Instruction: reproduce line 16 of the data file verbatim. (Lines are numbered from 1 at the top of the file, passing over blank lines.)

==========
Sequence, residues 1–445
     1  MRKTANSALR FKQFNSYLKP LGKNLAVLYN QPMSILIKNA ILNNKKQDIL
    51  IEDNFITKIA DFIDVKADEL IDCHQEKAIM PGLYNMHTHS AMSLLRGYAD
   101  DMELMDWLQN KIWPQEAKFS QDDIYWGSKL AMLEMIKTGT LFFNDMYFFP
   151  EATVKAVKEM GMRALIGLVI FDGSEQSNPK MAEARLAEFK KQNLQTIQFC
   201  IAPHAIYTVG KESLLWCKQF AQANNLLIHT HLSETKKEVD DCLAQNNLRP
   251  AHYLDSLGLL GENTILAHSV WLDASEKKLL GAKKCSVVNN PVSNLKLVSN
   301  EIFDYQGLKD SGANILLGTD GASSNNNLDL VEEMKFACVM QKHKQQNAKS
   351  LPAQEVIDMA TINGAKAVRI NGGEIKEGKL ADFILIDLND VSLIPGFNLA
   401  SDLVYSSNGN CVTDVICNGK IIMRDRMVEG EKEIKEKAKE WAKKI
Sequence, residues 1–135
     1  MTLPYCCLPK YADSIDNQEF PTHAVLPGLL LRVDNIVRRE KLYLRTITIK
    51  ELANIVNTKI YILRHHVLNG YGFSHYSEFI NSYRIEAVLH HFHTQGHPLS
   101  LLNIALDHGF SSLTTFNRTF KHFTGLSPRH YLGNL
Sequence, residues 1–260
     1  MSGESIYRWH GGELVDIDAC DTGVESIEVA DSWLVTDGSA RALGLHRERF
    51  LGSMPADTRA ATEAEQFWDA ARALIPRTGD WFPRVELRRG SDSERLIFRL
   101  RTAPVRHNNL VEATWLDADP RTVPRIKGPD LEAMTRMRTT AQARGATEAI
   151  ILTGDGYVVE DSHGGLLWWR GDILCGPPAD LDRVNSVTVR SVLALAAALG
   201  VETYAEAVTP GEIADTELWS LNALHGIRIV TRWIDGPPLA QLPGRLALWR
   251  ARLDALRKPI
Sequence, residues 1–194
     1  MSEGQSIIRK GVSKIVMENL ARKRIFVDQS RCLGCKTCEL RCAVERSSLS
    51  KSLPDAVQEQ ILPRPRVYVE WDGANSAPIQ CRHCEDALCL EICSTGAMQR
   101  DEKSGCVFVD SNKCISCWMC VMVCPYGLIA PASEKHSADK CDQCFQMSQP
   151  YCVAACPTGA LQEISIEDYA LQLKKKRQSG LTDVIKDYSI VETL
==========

     1  MSGESIYRWH GGELVDIDAC DTGVESIEVA DSWLVTDGSA RALGLHRERF